Swimming Lessons for Baby Sharks: Practical Advice for New Lawyers

Q: I split my summers and have offers from three firms to join as a full-time associate. I have no idea how to choose. What should I do?

A: Congratulations! That is a great accomplishment. If you want to keep your friends, don’t tell them.

On a more serious note, the most important considerations are:

Where will you learn the most from people you enjoy working with in an area of practice that interests you?

This assumes that all the offers are in the same city and the compensation and benefits are comparable. If the offers are not in the same city, start by picking the city. It is easier to switch firms than cities.

Below, I discuss key factors you should consider, generally in order of importance:

Learning and Mentoring. Starting out as a new lawyer can be daunting. You have a huge amount to learn. Pick a firm where lawyers are likely to invest in your career development. To thrive, you need to build relationships with lawyers who are a few years ahead of you as well as lawyers who are a few years ahead of them. If several lawyers at one firm showed a keen interest in your career development, that firm should rise to the top.

You should also try to determine the firm’s overall philosophy about training new lawyers. Some firms provide a vast array of formal training programs and resources for new associates. Other firms take a more hands-off approach. Formal programs will not replace mentoring and on-the-job training. But enhancing your skills increases your value to the firm and to clients. The more you can learn, the better.

Collegiality and Work Styles. You will spend many hours with your colleagues. If you like them, those hours will be far more enjoyable. If you know the lawyers with whom you will be working, reflect on whether your personalities were a good fit. Also think about work styles. Friendly lawyers who are disorganized can create unnecessary stress.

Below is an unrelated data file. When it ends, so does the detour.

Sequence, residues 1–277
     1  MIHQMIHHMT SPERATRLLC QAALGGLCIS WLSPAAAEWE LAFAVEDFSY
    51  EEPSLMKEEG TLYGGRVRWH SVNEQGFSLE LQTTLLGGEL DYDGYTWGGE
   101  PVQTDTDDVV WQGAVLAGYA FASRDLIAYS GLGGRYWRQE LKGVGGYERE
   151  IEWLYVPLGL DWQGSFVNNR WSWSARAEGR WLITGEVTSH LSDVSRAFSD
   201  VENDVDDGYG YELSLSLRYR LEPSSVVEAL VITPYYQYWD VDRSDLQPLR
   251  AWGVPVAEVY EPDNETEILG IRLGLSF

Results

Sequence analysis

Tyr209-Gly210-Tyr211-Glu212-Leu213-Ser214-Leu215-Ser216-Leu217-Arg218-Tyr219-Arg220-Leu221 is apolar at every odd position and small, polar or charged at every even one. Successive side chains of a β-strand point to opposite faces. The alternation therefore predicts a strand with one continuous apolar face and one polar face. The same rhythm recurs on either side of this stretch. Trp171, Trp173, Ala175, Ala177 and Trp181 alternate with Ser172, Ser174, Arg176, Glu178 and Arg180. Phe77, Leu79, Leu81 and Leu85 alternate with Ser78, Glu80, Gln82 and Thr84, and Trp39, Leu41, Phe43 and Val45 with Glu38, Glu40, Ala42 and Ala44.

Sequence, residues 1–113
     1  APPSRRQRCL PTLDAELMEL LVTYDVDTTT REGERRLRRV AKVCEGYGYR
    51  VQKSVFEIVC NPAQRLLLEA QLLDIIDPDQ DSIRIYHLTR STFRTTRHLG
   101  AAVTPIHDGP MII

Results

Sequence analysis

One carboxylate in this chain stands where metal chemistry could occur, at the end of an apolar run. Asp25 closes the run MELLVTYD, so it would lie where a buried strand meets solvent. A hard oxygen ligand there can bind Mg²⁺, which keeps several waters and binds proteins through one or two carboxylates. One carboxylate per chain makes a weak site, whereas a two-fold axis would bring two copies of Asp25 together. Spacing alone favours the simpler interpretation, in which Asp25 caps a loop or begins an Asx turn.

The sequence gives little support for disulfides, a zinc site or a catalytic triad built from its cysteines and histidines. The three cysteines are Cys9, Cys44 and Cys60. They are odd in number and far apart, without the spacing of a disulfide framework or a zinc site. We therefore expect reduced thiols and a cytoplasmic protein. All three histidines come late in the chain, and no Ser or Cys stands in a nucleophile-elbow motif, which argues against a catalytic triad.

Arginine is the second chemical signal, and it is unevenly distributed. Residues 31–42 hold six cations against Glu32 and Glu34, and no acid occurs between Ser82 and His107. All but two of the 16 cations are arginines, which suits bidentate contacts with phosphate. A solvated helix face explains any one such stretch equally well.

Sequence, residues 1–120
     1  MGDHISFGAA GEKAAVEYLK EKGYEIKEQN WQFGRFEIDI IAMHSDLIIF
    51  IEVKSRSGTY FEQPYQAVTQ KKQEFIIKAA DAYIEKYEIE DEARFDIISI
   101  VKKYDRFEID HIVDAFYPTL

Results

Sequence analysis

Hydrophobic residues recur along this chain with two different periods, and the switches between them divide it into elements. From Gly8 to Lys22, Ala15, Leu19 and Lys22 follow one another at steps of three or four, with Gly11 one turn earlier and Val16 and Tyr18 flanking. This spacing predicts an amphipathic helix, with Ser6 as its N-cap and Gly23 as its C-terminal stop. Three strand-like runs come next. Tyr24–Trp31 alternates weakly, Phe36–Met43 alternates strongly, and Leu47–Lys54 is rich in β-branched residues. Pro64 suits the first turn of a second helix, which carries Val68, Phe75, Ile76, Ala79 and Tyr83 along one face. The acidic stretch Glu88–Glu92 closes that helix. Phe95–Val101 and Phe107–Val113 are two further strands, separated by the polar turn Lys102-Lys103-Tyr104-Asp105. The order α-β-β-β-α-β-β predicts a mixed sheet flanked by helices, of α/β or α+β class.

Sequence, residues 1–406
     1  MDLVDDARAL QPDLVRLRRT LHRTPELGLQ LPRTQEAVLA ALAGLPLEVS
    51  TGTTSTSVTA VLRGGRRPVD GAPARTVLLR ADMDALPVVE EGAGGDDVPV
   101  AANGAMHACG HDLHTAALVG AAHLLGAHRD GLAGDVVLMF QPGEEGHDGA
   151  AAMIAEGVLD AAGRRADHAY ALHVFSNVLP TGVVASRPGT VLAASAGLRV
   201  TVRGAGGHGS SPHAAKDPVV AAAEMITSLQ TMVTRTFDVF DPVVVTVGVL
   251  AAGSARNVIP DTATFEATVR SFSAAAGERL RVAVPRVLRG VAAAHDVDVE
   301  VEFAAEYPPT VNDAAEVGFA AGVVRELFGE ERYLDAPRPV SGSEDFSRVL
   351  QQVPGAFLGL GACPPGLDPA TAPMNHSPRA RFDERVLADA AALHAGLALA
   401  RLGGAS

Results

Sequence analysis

Practice Area. You may not have a preferred practice area. And many new lawyers end up thriving in practices they never envisioned early on. But if you have a strong preference, focus on the firms that will commit to letting you practice in that area. Of those firms, bonus points go to the firm with the largest and most complex practice in the office you would join. A larger and more complex practice in your office can provide more opportunities. Firms may highlight their work in other offices, but brand new associates may have difficulty getting work from other offices.

Your Unique Needs. In addition to evaluating the issues above, consider other factors that are particularly important to you. These could include the number of women or minorities at a firm, your commute time, pro-bono policies, firm prestige, and many other issues. Divide these into “must-haves” and “nice-to-haves” and throw them into the mix.

Financial Strength. Financial strength alone is not a reason to pick a firm. But the numbers may help winnow the field. Try to get a perspective on each firm’s finances. Reductions in annual revenues may mean cuts to perks and training resources. Bigger dips can be more dire. While law firm implosions are relatively rare, they are disruptive and worse. Massive partner defections or skimpy bonus payments are potential red flags. It can be difficult even for insiders to understand the intricacies of firm finances. But at the very least, research year-to-year revenue trends.

Research. To gather information on these issues, start with your career services office. The career office can provide background information and may be able to connect you with alums who know about the firms you are considering. The office can also refer you to other sources, such as law firm rankings. But don’t hang your hat on rankings. Different lawyers can have very different experiences at the same firm.

The most useful source of information may be associates at the firms where you have offers. Try to get them to talk to you “off the record.” Realize, though, that part of their job may be to recruit you.

Relax. You cannot predict the future, and your first job is not likely to be your last. Once you have made a thoughtful decision, don’t look back. Congratulate yourself on your success so far. Then focus on becoming a rock-star associate.

Good luck!

Grover E. Cleveland is a Seattle lawyer, speaker and author of Swimming Lessons for Baby Sharks: The Essential Guide to Thriving as a New Lawyer (West 2010). He is a former partner at Foster Pepper PLLC, one of the Northwest’s larger firms. His clients included the Seattle Seahawks and other entities owned by Microsoft co-founder, Paul Allen. Grover is a frequent presenter on new lawyer career success at law schools and firms nationwide. Some of the questions in this column come from those presentations. Readers may submit questions here or follow him on Twitter @Babysharklaw. He is not related to the 22nd and 24th President of the United States.

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